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Coronation Street in the Heart of the Jordaan neighbourhood

In our neighbourhood, the virus seems to be going from door to door.

There’s the couple ten doors down, thirty-somethings. They came back from Tirol right before the ski resorts closed. She came down with a fever, he lost his sense of taste and smell. Then came the neighbour a few doors down the line, a lady in her seventies. High fever for three weeks. No breathing troubles, but sick as a dog. I saw her outside again for the first time yesterday: it was so scary, she said. You just don’t know how the disease is going to develop, you know?

Now another of our neighbours has caught it. An elderly lady, too. Poor darling, all alone in her narrow little house full of old furniture, paintings and cats. The doctor visits every day, and a close neighbour brings her food. All that’s left for me to do is send the occasional chat message. Her responses are mostly in terms of pained-looking faces and heart emojis.

Are we next? No matter how close it gets, it still feels like an abstract thing right up until it happens to you. Right now, we’re mostly just enjoying being together. My partner Sijmen spent the last seven years in Kenya but had to return early because of corona. Going from seven years of a long distance relationship to being together round the clock is a pretty major change!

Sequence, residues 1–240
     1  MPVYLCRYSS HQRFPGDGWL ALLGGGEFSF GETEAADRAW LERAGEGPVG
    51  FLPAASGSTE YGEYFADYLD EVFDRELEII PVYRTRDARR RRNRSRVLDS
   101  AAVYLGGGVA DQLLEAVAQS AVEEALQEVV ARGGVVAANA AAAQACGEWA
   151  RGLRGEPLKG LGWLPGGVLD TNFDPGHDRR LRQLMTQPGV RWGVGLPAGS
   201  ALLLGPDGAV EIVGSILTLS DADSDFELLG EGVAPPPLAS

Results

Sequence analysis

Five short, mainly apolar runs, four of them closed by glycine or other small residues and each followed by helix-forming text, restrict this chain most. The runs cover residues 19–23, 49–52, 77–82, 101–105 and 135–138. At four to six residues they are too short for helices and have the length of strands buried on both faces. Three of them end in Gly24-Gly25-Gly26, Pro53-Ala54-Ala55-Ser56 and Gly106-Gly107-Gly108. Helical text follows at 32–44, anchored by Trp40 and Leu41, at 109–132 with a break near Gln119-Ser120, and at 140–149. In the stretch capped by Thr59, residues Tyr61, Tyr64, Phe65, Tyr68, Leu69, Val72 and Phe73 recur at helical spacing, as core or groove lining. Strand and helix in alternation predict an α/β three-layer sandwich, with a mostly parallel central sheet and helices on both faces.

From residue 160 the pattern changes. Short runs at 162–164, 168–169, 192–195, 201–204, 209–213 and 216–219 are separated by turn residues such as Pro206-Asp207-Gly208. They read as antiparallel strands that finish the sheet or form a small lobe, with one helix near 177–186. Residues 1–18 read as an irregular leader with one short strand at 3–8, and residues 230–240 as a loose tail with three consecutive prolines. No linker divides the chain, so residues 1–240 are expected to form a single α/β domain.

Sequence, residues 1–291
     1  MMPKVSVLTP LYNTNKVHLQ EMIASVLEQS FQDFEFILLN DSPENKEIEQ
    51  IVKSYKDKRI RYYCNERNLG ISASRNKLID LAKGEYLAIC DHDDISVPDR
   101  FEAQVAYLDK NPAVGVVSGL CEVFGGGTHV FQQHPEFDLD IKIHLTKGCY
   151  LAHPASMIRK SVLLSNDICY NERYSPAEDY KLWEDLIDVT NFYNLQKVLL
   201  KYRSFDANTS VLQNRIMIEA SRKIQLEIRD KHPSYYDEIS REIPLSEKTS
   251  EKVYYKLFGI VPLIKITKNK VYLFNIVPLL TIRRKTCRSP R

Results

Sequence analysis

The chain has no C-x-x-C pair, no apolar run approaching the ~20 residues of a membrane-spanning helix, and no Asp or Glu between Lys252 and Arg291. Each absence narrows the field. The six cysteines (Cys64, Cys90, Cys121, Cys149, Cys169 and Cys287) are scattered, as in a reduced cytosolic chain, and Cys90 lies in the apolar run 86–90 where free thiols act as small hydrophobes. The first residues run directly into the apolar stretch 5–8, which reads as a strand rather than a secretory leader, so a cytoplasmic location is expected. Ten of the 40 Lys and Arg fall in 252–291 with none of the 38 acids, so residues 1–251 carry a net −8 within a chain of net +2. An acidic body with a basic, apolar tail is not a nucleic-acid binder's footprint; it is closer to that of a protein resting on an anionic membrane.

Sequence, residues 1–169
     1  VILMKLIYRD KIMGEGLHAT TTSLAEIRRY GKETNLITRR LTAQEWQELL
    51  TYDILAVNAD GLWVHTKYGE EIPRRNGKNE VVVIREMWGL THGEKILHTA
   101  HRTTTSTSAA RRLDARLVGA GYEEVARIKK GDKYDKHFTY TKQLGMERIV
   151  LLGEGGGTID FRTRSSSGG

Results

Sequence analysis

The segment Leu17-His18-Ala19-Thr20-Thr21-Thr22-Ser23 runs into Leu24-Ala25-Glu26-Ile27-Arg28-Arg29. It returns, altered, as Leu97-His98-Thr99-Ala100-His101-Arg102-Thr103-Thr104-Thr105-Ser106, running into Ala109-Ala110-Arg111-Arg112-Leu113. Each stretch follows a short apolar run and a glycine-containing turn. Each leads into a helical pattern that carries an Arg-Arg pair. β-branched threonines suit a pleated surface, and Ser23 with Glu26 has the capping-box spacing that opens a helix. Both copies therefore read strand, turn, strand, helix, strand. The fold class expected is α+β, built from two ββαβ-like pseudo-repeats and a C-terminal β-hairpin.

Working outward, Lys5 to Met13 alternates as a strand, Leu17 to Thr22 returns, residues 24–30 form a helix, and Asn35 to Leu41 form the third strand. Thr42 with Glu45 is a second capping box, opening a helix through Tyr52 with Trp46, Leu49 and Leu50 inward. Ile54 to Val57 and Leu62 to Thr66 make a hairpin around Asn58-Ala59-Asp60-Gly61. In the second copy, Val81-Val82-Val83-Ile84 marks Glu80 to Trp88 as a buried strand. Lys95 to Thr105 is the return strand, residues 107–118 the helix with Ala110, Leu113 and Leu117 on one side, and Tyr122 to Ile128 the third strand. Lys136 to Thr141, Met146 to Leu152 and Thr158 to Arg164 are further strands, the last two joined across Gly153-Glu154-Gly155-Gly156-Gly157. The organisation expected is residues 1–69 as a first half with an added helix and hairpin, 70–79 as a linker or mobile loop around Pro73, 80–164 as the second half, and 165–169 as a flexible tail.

The neighbours are suffering, but there’s little we can do about it, and we don’t know what the future holds. Might as well slip back under the covers and cosy up.

by Trudeke Sillevis Smitt

What’s going on behind the silent facades of the Jordaan district during lockdown? Verhalenfestival Jordaan – the Jordaan Story Festival – asked residents to submit their stories. What’s going on in their heads and in their lives?

Eight of the stories were read and recorded by local actors and used to create the audio walk Niets te zien (Nothing to See).


met dank aan: Gemeente Amsterdam West Soundtrackcity Het huis van Amsterdam